A wisecracking likeable lead. Shenanigans with the ever-returning Avenger Iron Man. Those Cap’ America cameos. Yes, Spider-Man: Homecoming is packed with perhaps more fun than arguably all Marvel films to date. And it’s also stuffed with a web of Easter eggs, comic-book references and nods to other stars in the cinematic universe.
Spotting them all would be enough to get your underoos in a twist, but fortunately, we’ve rounded up the best buried treasures below. Because with a great movie comes great responsibility for an extensive breakdown.
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The Scorpion strikes
Vulture-eyed fans might have spotted a hidden villain in Homecoming: The Scorpion. Well, The Scorpion before he actually became The Scorpion. Mac Gargan – one of The Vulture’s cronies played by Michael Mando – popped up in the film’s epic ferry battle, as well as in the first post-credit scene to Michael Keaton’s The Vulture.
And in case you didn’t clog his massive scorpion neck tattoo, Mando himself confirmed he had his pincers firmly in the role.
You can find out more about Mando’s after-credits scene.
A look back to the classic comic
Remember when The Vulture buried our Web-head under a pile of rubble? The moment Peter Parker embraced his Spidey strength and set himself free? Well, that scene draws major parallels to ‘If This Be My Destiny…!’ comic book arc from the 1960s.
In that story, Spider-Man battles the mysterious Master Planner (later revealed as Doc Ock), a fight that leaves the wall-crawler trapped under a pile of heavy machinery. Just as Spidey seems ready to give up, the superhero smashes his way out with a shout of “I must prove equal to the task! I must be worthy of that strength!”
Overall, it’s superb reference reminding us the character harbours a conflict between Peter Parker’s growing mental maturity alongside his adolescent web-slinging around New York.
The two sides of Spider-Man
Also in the scene where Spidey raises himself out the rubble, we see a reflection of Parker’s face in a puddle with his homemade mask floating on top. Brilliantly, this creates an effect where half of the image is Parker’s face, half webbed-mask.
As well as demonstrating the two sides of the superhero, it’s also a reference to a favourite story-telling device of Marvel artist Steve Ditko. The Parker/Spider-Man split-face look was used in the comics when the character had ‘Spidey thoughts’ i.e. the times Parker is frustrated he can’t use his Spidey powers.
And bearing in mind the context of the Homecoming scene – Parker’s struggle between teen-ish terror and Spider-man heroic bravery – it’s an Easter egg hatched at the perfect moment.
Betty Brant begins
Although normally read out during stuffy morning assemblies in the UK, the morning announcements in some American schools are broadcast via a student-made TV segment. And in Spider-Man: Homecoming one of these infotainment memos features a student called Betty Brant, a character from the comics and Sam Rami’s Spider-Man trilogy.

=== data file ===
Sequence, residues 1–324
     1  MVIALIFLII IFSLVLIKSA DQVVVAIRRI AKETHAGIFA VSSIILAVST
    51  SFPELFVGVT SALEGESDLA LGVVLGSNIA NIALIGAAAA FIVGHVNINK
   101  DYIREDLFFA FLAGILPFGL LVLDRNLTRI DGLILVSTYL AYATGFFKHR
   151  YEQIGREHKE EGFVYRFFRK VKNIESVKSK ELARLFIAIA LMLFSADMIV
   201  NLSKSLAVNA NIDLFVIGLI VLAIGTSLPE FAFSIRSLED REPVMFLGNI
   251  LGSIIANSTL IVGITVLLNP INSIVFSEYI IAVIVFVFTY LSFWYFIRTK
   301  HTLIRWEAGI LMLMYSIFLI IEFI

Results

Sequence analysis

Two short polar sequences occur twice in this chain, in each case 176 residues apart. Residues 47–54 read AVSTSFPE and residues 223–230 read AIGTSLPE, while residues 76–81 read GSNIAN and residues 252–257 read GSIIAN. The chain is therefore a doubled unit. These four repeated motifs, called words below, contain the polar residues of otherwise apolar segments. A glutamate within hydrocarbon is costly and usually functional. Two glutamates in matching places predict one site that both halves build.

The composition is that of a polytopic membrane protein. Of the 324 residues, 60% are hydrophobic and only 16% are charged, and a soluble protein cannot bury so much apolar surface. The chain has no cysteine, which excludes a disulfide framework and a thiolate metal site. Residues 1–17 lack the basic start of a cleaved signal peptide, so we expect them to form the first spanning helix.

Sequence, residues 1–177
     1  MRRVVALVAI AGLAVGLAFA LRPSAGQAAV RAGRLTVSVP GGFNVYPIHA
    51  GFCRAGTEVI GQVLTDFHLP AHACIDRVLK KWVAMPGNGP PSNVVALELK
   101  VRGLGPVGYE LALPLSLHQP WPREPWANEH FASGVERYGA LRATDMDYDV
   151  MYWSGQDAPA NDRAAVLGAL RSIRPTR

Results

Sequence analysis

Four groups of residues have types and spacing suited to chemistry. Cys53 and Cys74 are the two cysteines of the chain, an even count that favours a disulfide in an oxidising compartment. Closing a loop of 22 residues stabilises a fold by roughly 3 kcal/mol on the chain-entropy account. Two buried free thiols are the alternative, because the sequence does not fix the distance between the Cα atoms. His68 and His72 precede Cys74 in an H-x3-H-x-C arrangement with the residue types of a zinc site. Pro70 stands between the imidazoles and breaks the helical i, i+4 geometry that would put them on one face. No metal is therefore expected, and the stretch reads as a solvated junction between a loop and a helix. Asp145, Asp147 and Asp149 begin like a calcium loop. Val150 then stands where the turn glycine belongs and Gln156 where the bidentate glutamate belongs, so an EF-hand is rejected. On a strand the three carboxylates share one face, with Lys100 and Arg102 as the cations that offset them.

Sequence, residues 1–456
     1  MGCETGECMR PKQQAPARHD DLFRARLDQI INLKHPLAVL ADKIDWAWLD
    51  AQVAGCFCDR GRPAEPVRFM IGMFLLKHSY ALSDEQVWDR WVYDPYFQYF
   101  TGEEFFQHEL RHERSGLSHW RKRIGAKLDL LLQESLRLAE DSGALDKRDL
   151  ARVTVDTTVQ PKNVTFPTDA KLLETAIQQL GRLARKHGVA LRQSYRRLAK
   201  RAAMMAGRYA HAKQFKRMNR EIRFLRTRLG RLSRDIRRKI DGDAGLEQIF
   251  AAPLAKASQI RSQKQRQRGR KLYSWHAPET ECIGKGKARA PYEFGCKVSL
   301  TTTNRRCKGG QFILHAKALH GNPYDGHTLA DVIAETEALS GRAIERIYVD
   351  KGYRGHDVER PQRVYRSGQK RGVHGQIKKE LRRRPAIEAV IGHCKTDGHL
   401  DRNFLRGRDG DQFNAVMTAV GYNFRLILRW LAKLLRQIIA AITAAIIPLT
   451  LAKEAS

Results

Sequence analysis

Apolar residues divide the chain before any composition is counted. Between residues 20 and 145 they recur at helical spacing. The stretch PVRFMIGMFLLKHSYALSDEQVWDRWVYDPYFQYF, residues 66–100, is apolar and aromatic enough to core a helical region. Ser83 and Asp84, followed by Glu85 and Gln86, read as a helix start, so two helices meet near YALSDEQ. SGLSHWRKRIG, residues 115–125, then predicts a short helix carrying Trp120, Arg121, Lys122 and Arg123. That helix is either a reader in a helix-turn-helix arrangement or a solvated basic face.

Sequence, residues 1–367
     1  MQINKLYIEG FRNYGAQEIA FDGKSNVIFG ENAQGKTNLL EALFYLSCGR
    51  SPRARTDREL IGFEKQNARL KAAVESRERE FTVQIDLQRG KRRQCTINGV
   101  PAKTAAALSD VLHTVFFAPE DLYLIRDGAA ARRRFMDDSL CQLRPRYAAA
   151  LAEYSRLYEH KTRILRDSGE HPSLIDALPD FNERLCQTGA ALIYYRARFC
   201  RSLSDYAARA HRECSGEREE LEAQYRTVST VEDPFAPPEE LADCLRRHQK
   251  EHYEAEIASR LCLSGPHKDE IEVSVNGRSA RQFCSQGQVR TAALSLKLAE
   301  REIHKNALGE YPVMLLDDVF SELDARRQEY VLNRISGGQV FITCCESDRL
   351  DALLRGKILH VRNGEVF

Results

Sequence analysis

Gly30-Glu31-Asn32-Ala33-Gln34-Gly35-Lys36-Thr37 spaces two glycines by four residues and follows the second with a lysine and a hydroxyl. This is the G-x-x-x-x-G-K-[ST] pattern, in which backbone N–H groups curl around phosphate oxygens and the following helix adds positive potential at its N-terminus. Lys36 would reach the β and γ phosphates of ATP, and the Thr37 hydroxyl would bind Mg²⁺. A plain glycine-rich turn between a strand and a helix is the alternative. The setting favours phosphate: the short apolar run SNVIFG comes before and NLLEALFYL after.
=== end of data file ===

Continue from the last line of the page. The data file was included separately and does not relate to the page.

However, she was a fair bit older than high school age in Rami’s movies. Played by Elizabeth Banks in Spidey 1-3, Brant is personal secretary to Daily Bugle editor J. Jonah Jameson and a side-love interest for Peter Parker. Yup, she was fond of him even during his emo-haired symbiote stage in Spider-Man 3 (if you dare to remind yourself, skip to the minute mark below…)
Stan Lee pulled out another classic cameo
Well, it wouldn’t be a Marvel movie without an appearance from the grandfather of comics and Spider-Man co-creator Stan Lee. His 38th Marvel cameo comes when the titular wall-crawler accidentally sets off a car alarm, leading to a less-than-friendly-neighbourhood resident played by Lee shouting: “Don’t make me come down there, you punk!”
Although packed with new gadgets, the suit Spidey sports at the start of Homecoming mirrors the webbed red and blue design from the hero’s first comic appearance. What about Peter Parker’s homemade hoodie and balaclava combo? It too pays homage to the Spider-Man source material.
Firstly, there’s the so-called ‘Scarlet Spider’ costume. Worn in the comics by Spider-Man clone Ben Reilly, the outfit’s ripped jumper certainly shares a likeliness with the Homecoming getup, albeit with an inverted colour scheme.
And secondly, the expressive eyepieces in the low-tech suit: they look extremely similar to Spider-Man Noir’s aviator goggles…
I am Iron (Spider) Man
While we’re on the subject of suits, the high-tech costume Stark offers Parker at the film’s close is a version of the Iron Spider armour from the comics. In the source material, this is also a costume constructed by Iron Man, stuffed with Stark tech and three mechanical arms (yup, three not four #ComicBookLogic).
As well as a distinctly futuristic look, the armour came with a diamond nitrile overcoat, a mask for underwater adventures, an in-built glider, infrared lenses and much much more. But Parker was certainly right to turn all that down because of, erm, we can’t seem to remember right now.
It had a glider, Peter! A glider!
Karen 4 JARVIS
One final wardrobe-related reference for you: the voice of Spidey’s suit – the one Parker christens Karen – is the voice of Jennifer Connelly, the Oscar-winning actress who starred as Betty Ross in 2003’s Hulk. But her previous Marvel role isn’t the only reason she’s on this list. Connelly is married to Paul Bettany, the actor who lends his voice to Iron Man’s JARVIS.
The Avengers assemble
Although the Thor: Ragnarok trailer showed us the real Hulk is busy battling in an alien gladiatorial arena, Bruce Banner can be seen on Earth in Homecoming. Well, sort of. A portrait of the scientists can be seen alongside Einstein, Newton and Telsa in Peter Parker’s Math(s) class.
And did you catch Howard Stark too? Iron Man’s dad can be spotted in a mural that decorates one of the school’s hallways…